How do you roll?
The Indo-European word meaning to roll is *wel-. It was constructed by etymologists based on evidence from Sanskrit, Greek, Lithuanian, Old Church Slavonic, Latin, Old Irish, Old High German, Old English, & more.
Its offspring are legion. Here is a small sampling:
revolve — to roll back
devolve — to roll down
involve — to roll into
evolve — to unroll
revolt — to roll over
convoluted -- to roll together
volume — originally a roll of parchment containing writing
whelk — a marine snail with a spiraling (rolling) shell
willow — a tree — imagine a storybook weeping willow, with branches that enclose anyone standing near the trunk, foliage that rolls around that person
wallow — originally, a disturbed spot in the soil where some animal had rolled around
wallet — originally a bag or knapsack holding one’s bedroll
waltz — in 1825 the waltz was considered a riotous and indecent German dance involving the gentlemen seizing the ladies around their waists — involving not only a circular rolling pattern on the dance floor, but the nimble rolling of the ball of the foot.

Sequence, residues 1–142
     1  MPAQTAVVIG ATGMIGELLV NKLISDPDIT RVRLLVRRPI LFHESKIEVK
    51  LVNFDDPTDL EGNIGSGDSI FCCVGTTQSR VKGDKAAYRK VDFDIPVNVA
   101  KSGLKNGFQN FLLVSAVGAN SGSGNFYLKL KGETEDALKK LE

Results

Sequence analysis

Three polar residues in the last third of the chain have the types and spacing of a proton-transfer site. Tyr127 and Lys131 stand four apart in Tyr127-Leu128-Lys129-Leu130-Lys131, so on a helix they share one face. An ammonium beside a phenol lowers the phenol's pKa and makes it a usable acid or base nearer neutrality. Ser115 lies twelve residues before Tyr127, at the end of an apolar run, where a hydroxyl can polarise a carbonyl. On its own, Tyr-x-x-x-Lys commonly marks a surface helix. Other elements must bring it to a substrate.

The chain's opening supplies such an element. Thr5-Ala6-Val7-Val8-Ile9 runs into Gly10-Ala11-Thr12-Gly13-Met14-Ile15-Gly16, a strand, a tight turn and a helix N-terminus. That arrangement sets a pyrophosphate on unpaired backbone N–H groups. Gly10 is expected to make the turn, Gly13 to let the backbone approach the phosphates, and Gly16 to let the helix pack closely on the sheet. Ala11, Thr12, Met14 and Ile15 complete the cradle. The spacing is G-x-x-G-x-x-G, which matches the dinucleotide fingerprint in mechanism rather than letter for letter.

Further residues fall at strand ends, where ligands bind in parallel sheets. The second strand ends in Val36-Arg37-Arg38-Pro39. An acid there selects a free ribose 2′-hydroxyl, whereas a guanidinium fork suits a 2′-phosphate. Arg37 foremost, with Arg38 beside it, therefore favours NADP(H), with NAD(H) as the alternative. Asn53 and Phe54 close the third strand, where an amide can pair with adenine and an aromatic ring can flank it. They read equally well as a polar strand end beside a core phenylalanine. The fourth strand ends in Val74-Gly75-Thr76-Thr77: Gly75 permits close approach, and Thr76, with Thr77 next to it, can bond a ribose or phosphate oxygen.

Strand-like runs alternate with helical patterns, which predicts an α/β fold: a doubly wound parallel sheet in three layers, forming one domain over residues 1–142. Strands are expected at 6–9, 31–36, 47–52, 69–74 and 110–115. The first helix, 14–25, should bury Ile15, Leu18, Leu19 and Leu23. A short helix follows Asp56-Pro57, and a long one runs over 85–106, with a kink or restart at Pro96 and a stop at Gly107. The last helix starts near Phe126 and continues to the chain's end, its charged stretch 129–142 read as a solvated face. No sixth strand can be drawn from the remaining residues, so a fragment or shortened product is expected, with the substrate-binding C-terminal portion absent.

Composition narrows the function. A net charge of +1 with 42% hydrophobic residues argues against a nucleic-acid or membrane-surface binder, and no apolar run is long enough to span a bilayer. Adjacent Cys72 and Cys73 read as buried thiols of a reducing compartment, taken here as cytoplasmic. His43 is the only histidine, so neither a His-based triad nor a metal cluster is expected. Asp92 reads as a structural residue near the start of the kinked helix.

Comment or not, depending on how you roll.
My thanks go out to this week’s sources: Merriam Webster, Collins Dictionary, Wordnik, & Etymonline.
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I write for teens, narrate audio books, bake bread, play music, and ponder the wonder of words in a foggy little town on California's central coast.
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